A federal judge dealt a major blow to the national beef checkoff when he ruled the program was unconstitutional. In the ruling, U.S. District Court Judge Charles Kornmann said the checkoff violates the First Amendment and ordered a halt to all checkoff collections beginning July 15.

Under the current program, all beef producers pay a fee of $1 per head for cattle sold in the U.S., which accounts for more than $80 million per year for beef promotion and research. The challenge to the checkoff was raised by the Livestock Marketing Association, Western Organization of Resource councils and several individual beef producers. Defendants in the case include: the USDA, the Cattlmen’s Beef Promotion and Research Board and the Nebraska Cattlemen.

The South Dakota judge ruled that beef producers shouldn’t have to pay for advertisements with which they disagree. He also said that producers were paying for ads that benefited others that sell beef, such as restaurants and retail stores. Another reason the plaintiffs cited for their challenge was that the checkoff promotes all beef, not just U.S. beef.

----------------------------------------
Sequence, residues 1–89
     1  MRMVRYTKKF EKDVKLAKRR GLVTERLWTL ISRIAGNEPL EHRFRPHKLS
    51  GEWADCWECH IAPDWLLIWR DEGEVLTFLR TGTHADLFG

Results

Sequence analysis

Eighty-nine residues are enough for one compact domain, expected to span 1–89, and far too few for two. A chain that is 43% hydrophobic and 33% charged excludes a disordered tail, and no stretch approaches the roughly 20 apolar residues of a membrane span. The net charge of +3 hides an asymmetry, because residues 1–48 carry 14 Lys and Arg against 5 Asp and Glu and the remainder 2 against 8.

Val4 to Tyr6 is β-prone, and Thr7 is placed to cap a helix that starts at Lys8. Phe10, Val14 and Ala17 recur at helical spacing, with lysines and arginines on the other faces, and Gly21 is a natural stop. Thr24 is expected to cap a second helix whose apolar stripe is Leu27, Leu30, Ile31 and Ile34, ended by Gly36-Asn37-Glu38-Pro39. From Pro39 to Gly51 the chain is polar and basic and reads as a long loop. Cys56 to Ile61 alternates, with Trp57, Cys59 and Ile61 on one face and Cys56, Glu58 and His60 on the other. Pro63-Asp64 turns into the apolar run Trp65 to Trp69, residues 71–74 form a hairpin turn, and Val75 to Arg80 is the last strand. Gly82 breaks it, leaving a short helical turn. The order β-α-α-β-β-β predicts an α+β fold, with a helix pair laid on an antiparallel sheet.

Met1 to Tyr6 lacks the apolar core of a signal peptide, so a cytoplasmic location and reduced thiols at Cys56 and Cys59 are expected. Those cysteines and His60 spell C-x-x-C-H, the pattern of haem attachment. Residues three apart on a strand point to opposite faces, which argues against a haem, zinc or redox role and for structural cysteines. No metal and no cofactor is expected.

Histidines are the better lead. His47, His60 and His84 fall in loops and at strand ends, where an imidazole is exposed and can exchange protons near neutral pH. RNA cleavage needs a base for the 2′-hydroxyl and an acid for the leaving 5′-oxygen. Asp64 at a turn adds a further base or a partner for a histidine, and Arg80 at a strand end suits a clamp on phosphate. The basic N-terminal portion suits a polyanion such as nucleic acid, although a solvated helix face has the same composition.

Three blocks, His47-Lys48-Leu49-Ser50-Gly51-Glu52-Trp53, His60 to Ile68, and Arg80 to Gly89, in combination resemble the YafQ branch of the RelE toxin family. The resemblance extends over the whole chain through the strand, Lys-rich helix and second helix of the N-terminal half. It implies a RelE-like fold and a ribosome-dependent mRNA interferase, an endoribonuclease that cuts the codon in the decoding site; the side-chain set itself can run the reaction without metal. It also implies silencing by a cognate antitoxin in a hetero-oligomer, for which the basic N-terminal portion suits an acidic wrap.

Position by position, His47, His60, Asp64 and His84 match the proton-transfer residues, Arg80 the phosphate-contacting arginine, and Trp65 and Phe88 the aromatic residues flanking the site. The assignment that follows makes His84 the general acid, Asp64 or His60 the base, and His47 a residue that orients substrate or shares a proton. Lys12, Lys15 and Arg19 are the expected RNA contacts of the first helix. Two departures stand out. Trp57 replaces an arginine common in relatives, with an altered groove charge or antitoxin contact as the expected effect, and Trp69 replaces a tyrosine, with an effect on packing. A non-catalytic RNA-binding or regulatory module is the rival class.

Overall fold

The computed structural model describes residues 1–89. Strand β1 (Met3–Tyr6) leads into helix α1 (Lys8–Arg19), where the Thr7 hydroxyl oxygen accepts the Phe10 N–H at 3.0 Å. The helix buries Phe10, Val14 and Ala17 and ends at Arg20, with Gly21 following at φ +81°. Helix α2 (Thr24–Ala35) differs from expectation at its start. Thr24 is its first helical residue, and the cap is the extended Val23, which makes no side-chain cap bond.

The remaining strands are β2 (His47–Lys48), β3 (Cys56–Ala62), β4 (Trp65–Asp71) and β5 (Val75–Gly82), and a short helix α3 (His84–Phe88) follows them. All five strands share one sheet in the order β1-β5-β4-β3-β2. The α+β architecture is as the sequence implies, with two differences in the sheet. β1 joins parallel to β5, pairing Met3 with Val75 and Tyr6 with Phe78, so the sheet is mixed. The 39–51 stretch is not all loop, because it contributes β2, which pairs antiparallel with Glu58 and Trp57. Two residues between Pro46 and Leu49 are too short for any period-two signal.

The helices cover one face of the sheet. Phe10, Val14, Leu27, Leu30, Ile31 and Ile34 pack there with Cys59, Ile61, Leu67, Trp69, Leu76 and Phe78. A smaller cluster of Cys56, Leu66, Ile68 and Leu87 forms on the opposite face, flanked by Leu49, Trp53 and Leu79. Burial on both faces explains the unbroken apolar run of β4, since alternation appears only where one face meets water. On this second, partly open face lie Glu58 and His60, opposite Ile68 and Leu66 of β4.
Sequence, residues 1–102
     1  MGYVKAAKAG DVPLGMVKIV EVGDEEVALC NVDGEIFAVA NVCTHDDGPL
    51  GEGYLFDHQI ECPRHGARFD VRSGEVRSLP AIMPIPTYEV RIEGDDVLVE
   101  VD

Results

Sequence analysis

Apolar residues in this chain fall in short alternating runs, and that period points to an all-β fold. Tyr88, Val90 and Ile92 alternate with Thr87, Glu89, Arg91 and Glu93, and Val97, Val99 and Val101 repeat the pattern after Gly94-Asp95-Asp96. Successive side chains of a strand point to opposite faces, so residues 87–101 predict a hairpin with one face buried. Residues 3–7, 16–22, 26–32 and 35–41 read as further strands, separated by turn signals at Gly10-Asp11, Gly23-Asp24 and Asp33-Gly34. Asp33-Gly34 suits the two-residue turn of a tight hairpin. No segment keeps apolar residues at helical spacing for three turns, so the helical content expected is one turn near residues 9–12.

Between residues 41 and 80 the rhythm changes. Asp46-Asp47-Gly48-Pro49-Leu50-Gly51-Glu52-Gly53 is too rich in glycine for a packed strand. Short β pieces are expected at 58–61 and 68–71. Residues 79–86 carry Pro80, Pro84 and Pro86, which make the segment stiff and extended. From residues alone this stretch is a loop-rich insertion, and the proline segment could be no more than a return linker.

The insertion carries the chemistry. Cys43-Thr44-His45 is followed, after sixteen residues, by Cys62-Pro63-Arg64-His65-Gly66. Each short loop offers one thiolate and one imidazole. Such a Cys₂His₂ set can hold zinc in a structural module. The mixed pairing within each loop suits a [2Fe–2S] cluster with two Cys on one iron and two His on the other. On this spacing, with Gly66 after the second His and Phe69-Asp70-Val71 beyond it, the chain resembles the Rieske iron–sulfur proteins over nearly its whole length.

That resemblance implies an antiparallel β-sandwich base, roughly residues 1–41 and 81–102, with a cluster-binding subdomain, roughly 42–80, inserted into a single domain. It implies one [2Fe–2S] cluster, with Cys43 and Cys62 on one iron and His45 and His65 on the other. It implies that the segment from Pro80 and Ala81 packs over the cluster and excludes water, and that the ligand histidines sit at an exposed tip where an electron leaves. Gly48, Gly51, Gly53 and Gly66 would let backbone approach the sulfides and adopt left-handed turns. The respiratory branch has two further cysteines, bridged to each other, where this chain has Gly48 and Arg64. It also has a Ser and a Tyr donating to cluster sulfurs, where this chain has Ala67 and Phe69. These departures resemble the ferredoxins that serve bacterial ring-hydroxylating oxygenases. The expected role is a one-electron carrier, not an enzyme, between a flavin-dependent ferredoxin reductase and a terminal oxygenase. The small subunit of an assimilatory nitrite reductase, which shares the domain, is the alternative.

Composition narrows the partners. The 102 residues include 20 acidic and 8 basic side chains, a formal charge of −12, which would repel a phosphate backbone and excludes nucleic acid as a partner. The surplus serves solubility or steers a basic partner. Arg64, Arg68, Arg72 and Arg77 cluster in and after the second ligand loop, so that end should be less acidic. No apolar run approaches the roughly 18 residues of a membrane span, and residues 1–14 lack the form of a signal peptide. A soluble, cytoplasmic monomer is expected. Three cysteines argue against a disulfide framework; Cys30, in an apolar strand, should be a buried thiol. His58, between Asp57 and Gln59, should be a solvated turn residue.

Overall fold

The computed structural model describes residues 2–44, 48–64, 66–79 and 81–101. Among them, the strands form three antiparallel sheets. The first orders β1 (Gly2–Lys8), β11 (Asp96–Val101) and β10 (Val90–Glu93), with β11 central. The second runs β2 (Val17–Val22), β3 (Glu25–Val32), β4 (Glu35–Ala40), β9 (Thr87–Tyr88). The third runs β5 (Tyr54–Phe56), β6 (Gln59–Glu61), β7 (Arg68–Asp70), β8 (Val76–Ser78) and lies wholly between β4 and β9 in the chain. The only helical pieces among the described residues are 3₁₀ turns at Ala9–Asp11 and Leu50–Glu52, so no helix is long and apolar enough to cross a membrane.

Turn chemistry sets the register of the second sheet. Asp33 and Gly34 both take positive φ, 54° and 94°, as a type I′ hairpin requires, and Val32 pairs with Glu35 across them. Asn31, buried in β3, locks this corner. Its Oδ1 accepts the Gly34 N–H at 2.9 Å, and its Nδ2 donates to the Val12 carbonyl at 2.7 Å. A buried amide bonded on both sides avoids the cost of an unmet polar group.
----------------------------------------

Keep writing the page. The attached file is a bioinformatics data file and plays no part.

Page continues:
Reactions to the ruling were mixed. The National Cattlemen’s Beef Association believes the ruling is only a temporary setback for U.S. beef producers. Wythe Willey, producer president of NCBA, says the group is confident the case will be overturned on appeal and the judge’s ruling stayed so that the checkoff can continue while the case advances through the court system.

“This ruling reverses the will of Congress,” says J.D. Alexander, immediate-past president of Nebraska cattlemen. “It’s an attempt to stop an industry and takes away the empowerment of nearly a million beef producers.”

Checkoff opponents contend it does the opposite. “The decision affirms a producer’s right to free speech, and the right to promote his own product,” says Billy Perrin, president of the Livestock Marketing Association. “It’s now up to the industry to come together to discuss a voluntary program which we can all support.”

Agriculture Secretary Ann Veneman expressed disappointment at the ruling. She says USDA is consulting with the U.S. Department of Justice to determine the next step. Most likely, the decision will be appealed.

NCBA, LMA, Associated Press